Heads of Department/Supervisors decided flexible element
of workers wages. (eg, AutoC piecework divided 80%
output/20 % quality, variable)
Worker discipline through wage deduction.
The extent of the disaffection
Almost half of those employed in each of these
factories rate their union as poor or very poor,
which suggests widespread disaffection.
But around 7 out of 10 think that trade unions are
Overall assessment of the union and of the
necessity for a union Percentage
Auto A Auto B Auto C All
Rate the union
as poor or very
48 48 43 46
trade union 66 79 71 72
The individual characters of the workers and
the dissatisfaction of the union
The old, with open-ended contract workers, and
also less ability in free labour market workers,
who are dissatisfied with the unions seriously.
The experience of such onerous working
conditions is significantly associated with
disaffection with the trade union. Those who
experience greater insecurity are also more likely
to be disaffected.
‘Every day, the head of workshop told us to pay attention
to the quality. And he told us the factory had introduced
the foreign management methods to control us. I don’t
know the foreign stuff. The only thing I know is that if you
make any mistake, you will be punished.’ (Female
production operator, AutoB)
I think there are a lot of workers’ complaints about the
intensity of work. Actually, it is true. I remember last
month, the factory got a big order from abroad. In order to
finish the work, we always worked 12 hours a day and 6.5
days a week. We can have a rest on Sunday afternoons. I
felt very tired every day. (Production Worker, AutoB)
Social activities, voice and union
Chinese unions commonly ‘organised not much
more than dance parties and sports events’. In
some cases the lack of such provision is part of the
workers’ complaint and represents a minimal
expectation of what the union should do.
Sometimes the failure of the trade union to behave
in an oppositional way leads to the judgement that
the union is ‘not necessary’—meaning that it is a
waste of time.
Good or bad union?
Ask workers, they find it difficult to answer
whether they think their union is a good union—
difficult because what some of them would like a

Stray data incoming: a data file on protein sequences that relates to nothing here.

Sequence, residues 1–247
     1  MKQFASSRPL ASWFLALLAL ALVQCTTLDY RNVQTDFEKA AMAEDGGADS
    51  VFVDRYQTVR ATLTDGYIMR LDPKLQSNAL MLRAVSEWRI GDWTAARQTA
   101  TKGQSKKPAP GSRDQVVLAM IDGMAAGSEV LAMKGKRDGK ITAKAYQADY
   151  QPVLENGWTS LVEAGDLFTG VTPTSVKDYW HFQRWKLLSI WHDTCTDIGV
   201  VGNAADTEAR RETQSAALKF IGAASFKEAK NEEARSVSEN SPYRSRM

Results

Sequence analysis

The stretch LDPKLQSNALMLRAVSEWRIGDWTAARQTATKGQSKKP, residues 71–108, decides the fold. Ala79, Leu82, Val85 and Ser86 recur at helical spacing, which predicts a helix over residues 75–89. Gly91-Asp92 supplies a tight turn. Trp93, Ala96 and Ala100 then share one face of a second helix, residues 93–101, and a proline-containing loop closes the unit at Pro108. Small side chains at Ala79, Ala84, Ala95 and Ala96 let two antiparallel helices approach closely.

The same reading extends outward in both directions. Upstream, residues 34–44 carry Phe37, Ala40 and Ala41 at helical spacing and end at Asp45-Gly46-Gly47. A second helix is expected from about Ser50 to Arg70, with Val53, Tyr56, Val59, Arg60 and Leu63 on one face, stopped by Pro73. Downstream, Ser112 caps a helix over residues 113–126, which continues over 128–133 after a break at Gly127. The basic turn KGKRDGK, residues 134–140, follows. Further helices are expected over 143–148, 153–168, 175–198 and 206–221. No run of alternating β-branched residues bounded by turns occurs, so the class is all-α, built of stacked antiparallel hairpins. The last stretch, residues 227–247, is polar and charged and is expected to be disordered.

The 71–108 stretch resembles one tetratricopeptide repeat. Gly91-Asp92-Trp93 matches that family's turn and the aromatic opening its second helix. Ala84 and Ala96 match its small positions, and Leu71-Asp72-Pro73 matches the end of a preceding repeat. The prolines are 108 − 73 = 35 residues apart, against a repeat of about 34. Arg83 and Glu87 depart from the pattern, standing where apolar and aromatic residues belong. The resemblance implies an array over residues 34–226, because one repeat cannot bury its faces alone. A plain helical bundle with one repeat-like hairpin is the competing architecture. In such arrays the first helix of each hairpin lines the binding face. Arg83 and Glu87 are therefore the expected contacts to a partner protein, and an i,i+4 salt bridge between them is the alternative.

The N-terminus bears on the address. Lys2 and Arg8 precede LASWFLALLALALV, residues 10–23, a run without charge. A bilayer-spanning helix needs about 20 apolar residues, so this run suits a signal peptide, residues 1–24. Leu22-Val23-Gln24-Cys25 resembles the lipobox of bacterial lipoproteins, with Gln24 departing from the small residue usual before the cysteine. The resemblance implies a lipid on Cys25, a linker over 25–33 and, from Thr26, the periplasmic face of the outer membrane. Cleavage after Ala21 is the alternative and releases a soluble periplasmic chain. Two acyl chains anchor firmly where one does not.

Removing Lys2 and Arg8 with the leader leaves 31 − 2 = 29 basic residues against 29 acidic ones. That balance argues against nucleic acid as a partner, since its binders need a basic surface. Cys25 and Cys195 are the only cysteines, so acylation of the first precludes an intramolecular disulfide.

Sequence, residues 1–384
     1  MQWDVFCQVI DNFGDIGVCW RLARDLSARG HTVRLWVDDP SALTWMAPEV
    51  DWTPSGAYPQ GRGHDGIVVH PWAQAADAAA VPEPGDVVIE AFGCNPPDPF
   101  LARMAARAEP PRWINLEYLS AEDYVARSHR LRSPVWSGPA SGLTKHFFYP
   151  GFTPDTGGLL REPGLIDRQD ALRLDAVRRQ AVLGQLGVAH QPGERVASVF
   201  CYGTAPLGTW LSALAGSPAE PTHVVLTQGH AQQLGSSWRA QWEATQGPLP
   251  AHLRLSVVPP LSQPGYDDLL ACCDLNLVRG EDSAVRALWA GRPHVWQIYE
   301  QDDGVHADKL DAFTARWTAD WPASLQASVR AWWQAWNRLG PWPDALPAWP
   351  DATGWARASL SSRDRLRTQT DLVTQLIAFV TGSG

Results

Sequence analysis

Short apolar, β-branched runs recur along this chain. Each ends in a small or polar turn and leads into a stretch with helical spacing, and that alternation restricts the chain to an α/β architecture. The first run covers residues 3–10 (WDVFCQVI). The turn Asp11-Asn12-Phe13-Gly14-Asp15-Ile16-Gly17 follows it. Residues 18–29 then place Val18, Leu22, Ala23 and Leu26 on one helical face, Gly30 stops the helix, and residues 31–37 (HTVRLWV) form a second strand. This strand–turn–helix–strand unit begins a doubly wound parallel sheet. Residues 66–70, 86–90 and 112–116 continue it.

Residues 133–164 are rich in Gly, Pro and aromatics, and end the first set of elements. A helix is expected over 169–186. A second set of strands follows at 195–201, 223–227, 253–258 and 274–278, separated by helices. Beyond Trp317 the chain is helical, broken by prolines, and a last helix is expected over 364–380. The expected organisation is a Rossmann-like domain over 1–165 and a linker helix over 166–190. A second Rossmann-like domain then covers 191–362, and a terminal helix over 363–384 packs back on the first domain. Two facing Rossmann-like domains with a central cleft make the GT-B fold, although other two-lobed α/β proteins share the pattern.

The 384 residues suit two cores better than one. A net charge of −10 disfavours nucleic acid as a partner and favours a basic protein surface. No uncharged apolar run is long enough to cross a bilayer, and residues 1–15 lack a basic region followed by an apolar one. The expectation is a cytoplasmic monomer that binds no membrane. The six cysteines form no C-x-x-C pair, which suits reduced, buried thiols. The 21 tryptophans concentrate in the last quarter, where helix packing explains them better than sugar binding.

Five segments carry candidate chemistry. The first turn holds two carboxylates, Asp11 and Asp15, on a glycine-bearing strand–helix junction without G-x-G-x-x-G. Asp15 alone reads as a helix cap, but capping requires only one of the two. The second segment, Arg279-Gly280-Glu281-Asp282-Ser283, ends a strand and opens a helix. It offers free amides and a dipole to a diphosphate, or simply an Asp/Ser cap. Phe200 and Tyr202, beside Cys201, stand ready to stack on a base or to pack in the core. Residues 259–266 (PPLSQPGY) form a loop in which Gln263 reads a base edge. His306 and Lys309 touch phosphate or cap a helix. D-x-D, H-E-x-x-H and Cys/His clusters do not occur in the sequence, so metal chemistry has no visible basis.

union to be is not attainable under the present
Trade union officials' payment
Trade union officials are paid by the companies;
they typically either perform or have performed
management functions, and they are charged with
the duty of assisting management.
It makes sense, therefore, that those who think that
management has different interests to workers
should be the most disaffected with the trade union,
for there is an important sense in which to be
disaffected with the management is to be
disaffected with the trade union.
The workers' extensive disaffection with the
ACFTU has not led to disaffection with all trade
Why workers are disaffected?
Almost half of the workers are dissatisfied with their
involvement in decision making,
and such dissatisfaction at their lack of voice is
significantly associated with disaffection with the
the interest dissonance is the most powerful predictor of
disaffection with the trade union.
It is conceivable that the ACFTU might develop
some sort of (officially controlled) increase in
worker involvement in decision making in an
attempt to highlight workers’ sense of
involvement. However, it is difficult to see how its
version of trade unionism could fulfil an
oppositional conception of management–union
It would be easier to take a more optimistic
view of future union politics in these
particular factories had migrant workers.
However, it is not inevitable that migrant
workers will keep quiet, and there is
certainly evidence of their militancy,
especially in some cities in the south, albeit
outside of the ACFTU.